Wilms' tumor growth is suppressed by antiangiogenic pigment epithelium-derived factor in a xenograft model

Lisa P. Abramson, Veronica Stellmach, Jennifer A. Doll, Mona Cornwell, Robert M. Arensman, Susan E. Crawford, H. Ford

Research output: Contribution to journalArticlepeer-review

58 Scopus citations


Background/Purpose: Pigment epithelium-derived factor (PEDF), a potent endogenous inhibitor of angiogenesis, is highly expressed in the kidney. The authors postulated that systemic administration of PEDF would decrease Wilms' tumor growth in a xenograft model, and increased renal vascularity would result in a mouse null for PEDF. Methods: Tumors were induced in athymic mice using human anaplastic Wilms' tumor cells. Purified PEDF protein or vehicle was administered for 7 days beginning 2 to 3 weeks after inoculation. Tumors were stained with anti-PEDF and anti-Factor VIII antibodies. Mitoses and microvascular density (MVD) were counted per high-power field (hpf). PEDF-null mice were generated on a SV129/C57BI6 background. Wild-type and null kidneys were assessed for MVD. Results: Mean tumor weight in the 2-week group was 60% less than controls (P < .05). The MVD and mitotic count in treated tumors were significantly less than controls (P < .05). PEDF stained strongly in normal kidneys but was minimal to absent in Wilms' tumor. PEDF-null kidneys had increased MVD compared with wild-type (P < .05). Conclusions: PEDF is expressed strongly in normal murine kidney, and loss of its angioinhibitory activity may contribute to pathologic angiogenesis in Wilms' tumor. Systemic PEDF suppresses WT growth by targeting both the tumor cells and its associated vasculature.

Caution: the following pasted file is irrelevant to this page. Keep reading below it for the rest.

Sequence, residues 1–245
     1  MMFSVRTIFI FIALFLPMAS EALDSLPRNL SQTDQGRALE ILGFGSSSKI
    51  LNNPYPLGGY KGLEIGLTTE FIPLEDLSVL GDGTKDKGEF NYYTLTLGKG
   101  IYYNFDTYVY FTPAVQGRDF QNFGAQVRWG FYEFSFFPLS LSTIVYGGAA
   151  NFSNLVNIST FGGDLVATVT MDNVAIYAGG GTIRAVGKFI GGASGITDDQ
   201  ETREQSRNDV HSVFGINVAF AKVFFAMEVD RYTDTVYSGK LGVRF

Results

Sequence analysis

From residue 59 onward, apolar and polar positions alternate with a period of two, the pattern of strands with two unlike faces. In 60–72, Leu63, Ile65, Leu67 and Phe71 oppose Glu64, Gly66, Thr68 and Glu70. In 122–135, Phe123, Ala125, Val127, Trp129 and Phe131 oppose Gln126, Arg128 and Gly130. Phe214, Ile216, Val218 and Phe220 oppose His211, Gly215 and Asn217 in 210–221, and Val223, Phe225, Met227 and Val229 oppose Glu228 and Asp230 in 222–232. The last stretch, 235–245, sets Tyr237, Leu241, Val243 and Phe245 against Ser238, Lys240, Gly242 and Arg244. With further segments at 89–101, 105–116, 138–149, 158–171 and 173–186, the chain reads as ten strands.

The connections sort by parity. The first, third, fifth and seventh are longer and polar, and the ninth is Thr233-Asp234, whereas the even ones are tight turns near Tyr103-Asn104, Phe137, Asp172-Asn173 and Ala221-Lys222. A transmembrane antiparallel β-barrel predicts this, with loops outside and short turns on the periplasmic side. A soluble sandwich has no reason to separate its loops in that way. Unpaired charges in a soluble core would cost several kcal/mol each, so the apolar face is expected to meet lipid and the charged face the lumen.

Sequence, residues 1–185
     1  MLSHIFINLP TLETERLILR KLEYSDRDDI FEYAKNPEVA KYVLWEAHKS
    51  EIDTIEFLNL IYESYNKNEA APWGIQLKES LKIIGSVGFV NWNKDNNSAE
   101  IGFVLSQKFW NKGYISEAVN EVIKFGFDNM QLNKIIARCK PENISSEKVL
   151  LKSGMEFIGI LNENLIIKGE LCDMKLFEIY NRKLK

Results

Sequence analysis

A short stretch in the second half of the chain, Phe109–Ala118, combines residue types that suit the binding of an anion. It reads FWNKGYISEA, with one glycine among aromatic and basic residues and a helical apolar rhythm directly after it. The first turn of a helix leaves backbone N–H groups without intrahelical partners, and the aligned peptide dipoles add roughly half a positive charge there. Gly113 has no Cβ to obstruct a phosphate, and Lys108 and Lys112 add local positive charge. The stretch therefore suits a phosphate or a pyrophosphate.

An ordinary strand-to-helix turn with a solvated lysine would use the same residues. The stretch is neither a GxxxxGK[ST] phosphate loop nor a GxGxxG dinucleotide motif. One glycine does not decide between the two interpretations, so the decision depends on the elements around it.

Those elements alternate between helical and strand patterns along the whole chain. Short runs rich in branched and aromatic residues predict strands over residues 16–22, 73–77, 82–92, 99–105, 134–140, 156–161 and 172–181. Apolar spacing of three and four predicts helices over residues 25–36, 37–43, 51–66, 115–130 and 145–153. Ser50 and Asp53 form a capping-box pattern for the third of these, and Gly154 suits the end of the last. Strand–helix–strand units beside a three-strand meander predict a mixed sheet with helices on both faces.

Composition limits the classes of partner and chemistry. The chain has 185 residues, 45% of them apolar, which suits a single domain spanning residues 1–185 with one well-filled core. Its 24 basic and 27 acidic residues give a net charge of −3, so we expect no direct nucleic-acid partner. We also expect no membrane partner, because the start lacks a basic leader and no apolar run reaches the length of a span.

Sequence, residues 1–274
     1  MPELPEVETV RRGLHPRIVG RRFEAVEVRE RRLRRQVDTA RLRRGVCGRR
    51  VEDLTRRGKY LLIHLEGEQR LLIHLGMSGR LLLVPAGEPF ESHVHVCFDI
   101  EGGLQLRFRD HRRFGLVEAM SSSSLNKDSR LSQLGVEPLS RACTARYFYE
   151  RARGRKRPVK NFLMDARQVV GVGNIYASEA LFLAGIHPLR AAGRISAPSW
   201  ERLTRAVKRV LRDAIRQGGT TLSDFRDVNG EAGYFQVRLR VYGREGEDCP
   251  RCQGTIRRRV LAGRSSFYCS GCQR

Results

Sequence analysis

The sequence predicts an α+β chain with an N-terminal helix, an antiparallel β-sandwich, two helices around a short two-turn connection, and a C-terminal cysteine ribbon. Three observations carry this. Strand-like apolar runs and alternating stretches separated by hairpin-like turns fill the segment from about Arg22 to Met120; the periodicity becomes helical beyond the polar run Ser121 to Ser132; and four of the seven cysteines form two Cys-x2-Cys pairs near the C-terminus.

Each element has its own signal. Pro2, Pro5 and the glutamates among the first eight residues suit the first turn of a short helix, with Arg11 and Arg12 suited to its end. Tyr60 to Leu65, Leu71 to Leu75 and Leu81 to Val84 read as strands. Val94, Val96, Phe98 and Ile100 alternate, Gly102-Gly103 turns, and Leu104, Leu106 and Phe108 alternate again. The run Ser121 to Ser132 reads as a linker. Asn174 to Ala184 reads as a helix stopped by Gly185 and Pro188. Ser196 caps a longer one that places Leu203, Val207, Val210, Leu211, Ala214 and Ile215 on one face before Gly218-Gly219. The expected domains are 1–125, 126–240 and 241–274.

Original languageEnglish (US)
Pages (from-to)336-342
Number of pages7
JournalJournal of Pediatric Surgery
Issue number3
StatePublished - Mar 1 2003
Externally publishedYes


  • Anaplasia
  • Angiogenesis inhibitors
  • Pigment epithelium-derived factor
  • Wilms' tumor
  • Xenograft

ASJC Scopus subject areas

  • Surgery
  • Pediatrics, Perinatology, and Child Health


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